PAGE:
We know how hard you work on your writing, and we’re giving you a chance to show it off to the world! If you wrote something this academic year (Fall 2022-Winter 2023) that you’re really proud of, we’d love to read it —because we understand that writing is about more than just marks (although marks are nice too).
Who can participate?
You must be a UTM undergraduate student in good standing.
What can you submit?
- You can submit any writing you’ve done for a credit-bearing UTM course this year, such as:
- an essay
- a review
- a report
- and more!
- Your submission must be no longer than 30 pages in total (including references, tables, graphs, cover page etc.).
- You can submit a paper exactly as you wrote it for a course, or you can revise it before submitting it to us.
- You can submit one paper you wrote by yourself, and/or one paper that you wrote as part of a group (a maximum of two in total).
Entry Instructions & Deadline
Please send submissions via email to firstname.lastname@example.org no later than March 31st, 2023.
- First-place winner(s): $150 Gift Card for the UTM Bookstore
- Second-place winner(s): $75 Gift Card for the UTM Bookstore
- Third-place winner(s): $25 Gift Card for the UTM Bookstore
First Place: Kacper Mykietyn
Street's Striking Coincidence In Defense of Rational Reflection Explanation (PDF)
In first place, we have “Street's Striking Coincidence: In Defense of Rational Reflection Explanation” by Kacper Mykietyn. In their unanimous decision to award this paper the top prize, the committee characterized it as a rigorous, careful, and sure-footed examination of Sharon Street's discussion of normative realism which makes use of a tone that is somehow engaging and personal, while formal and professional. The committee also appreciated the clarity and concision of the author’s writing.
Second Place: Zuhair Ahmed
Multispecific Drug Design: Advances in Event and Occupancy-Driven Pharmacology (PDF)
In second place, we have “Multispecific Drug Design: Advances in Event and Occupancy-Driven Pharmacology” by Zuhair Ahmed. Committee members observed that this was a remarkably well-researched paper and noted that it used erudite language to present its argument regarding both the potential and limitations of multispecific technologies.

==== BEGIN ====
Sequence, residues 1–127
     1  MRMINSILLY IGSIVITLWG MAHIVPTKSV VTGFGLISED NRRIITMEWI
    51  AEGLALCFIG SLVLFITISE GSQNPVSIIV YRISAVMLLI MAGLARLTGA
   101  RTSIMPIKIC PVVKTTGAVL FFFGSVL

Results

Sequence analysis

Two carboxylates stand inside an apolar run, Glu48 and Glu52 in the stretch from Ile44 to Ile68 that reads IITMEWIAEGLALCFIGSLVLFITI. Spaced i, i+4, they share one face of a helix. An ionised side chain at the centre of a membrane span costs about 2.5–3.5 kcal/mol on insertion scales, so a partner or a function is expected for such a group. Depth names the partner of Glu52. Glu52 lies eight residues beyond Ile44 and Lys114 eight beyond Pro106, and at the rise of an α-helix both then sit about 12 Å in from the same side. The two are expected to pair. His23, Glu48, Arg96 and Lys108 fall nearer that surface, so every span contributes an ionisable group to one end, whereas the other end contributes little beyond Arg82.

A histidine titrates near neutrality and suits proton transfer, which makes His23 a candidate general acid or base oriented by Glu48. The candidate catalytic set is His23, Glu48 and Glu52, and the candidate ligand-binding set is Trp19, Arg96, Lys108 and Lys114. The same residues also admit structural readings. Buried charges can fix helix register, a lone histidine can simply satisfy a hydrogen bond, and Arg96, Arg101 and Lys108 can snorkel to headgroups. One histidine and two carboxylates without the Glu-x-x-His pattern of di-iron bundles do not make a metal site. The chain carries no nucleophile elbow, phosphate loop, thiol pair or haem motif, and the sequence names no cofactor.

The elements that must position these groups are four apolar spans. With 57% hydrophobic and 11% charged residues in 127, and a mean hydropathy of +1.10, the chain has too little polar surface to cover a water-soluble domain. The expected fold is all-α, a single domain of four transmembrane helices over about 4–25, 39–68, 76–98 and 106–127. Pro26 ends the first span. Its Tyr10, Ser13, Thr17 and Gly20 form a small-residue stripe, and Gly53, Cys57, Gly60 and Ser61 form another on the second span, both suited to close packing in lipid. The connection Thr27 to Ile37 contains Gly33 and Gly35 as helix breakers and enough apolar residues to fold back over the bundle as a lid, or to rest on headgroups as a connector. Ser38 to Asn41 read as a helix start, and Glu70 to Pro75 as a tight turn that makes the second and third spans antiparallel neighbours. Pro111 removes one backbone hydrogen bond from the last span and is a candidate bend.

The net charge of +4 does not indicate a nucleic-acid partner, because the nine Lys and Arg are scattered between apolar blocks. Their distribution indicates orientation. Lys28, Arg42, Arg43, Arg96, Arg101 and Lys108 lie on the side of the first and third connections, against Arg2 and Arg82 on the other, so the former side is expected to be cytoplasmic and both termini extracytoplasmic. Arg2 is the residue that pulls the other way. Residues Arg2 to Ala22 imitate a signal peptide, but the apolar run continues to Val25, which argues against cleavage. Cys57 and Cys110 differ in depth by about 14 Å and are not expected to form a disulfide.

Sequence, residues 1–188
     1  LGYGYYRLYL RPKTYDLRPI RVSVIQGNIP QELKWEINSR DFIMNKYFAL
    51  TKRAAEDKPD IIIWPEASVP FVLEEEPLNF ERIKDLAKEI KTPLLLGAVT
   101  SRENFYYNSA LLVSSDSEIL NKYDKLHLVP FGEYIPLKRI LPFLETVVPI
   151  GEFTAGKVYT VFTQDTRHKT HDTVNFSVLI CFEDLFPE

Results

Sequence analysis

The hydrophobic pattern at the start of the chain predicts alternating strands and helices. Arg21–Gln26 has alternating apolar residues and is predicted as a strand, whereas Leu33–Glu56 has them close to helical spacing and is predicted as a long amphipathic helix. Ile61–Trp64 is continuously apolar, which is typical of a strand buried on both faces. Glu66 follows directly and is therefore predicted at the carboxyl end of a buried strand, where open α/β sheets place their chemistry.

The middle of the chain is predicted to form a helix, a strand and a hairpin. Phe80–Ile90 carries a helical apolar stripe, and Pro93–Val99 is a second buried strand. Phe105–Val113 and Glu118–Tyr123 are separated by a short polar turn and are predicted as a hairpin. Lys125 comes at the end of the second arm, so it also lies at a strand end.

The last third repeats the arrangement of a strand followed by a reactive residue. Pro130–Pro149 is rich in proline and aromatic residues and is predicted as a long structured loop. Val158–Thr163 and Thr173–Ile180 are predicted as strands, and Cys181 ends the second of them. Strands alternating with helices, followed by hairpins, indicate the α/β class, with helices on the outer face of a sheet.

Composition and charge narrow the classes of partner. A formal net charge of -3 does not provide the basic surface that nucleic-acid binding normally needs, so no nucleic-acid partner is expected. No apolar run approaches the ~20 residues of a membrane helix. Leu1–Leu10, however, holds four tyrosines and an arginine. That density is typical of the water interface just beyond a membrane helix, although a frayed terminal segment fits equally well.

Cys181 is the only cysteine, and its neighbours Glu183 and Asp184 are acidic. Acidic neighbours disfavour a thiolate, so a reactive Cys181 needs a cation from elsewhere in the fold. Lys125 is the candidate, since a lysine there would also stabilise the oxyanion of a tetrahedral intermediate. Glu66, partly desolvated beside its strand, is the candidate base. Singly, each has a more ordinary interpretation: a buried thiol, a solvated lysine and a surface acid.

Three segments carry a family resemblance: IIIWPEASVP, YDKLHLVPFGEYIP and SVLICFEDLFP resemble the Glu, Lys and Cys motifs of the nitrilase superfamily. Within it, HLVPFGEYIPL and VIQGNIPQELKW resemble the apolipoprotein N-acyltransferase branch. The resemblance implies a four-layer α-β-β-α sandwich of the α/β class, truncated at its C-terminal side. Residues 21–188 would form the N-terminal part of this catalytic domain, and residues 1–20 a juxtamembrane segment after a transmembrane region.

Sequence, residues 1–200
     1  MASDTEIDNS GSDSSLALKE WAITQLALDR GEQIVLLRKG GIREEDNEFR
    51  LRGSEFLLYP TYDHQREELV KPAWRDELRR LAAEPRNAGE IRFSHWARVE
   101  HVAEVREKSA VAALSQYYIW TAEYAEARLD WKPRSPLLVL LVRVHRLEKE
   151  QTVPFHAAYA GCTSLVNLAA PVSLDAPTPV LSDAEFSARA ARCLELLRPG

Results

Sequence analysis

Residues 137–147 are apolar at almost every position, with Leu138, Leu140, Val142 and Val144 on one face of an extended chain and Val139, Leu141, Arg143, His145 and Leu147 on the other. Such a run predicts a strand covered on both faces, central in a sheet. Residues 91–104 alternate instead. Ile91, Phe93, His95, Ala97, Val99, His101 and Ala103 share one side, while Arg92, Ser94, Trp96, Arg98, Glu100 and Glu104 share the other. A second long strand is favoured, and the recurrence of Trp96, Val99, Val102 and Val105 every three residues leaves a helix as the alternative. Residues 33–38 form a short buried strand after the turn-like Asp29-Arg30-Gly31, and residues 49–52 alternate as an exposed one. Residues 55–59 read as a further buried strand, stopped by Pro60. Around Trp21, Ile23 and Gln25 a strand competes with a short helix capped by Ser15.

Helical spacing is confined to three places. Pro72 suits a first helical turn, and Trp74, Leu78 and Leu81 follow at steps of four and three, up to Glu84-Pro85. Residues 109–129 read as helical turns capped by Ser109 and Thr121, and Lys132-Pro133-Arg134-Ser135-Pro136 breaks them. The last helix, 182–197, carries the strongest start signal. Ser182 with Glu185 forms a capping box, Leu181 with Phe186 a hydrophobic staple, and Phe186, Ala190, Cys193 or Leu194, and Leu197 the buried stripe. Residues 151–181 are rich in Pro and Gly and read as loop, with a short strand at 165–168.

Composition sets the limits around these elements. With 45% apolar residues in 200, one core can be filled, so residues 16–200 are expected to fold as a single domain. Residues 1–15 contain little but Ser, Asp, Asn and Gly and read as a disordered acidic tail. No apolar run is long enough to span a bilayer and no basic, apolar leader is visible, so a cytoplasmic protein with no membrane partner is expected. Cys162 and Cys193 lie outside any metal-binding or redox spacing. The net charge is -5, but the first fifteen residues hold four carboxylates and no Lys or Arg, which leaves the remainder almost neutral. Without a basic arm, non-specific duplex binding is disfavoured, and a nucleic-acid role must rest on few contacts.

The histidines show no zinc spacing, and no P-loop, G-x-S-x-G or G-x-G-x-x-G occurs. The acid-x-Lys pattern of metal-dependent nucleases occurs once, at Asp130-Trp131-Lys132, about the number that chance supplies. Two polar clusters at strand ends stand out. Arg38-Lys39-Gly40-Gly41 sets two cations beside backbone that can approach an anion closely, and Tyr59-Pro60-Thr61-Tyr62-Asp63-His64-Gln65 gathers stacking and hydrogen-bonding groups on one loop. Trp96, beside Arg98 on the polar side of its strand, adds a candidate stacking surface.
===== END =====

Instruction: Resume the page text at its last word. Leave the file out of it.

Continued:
Third Place: Maria Sillano
Standpoint Theory in Feminist Practice (PDF)
In third place, we have “Standpoint Theory in Feminist Practice” by Maria Sillano. In their assessment of this essay, Committee members described it as an engagingly written and elegantly nuanced discussion of the political implications of using standpoint theory in feminist discourse; they also praised its sophisticated command of academic writing strategies.
First Place: Kaitlyn Harris
This was a very well written and interesting examination of modernist poetry supporting a view that only through experimentation and a willingness to disregard conventions can poetry truly thrive. The author examines the uses made of ambiguity and apparently nonsensical imagery in modernist poetry, working sure-footedly through texts by Stein, Breton, Sagawa, and Mallarme. They show how these and other Modernist works are intended to "create a distinct mood, inviting the reader to experience rather than understand." The paper is clearly and elegantly written. Overall, this is an engaging and sophisticated explanation of how modernist poetry defies the standard conventions of grammar and syntax as a means of conveying meaning.
Second Place: Asma Behery
Developmental Portrait: Growth Through Adversity in Higher Education - Developing Confidence, Persistence, Emotion Regulation, and Value for My Personal Goals (PDF)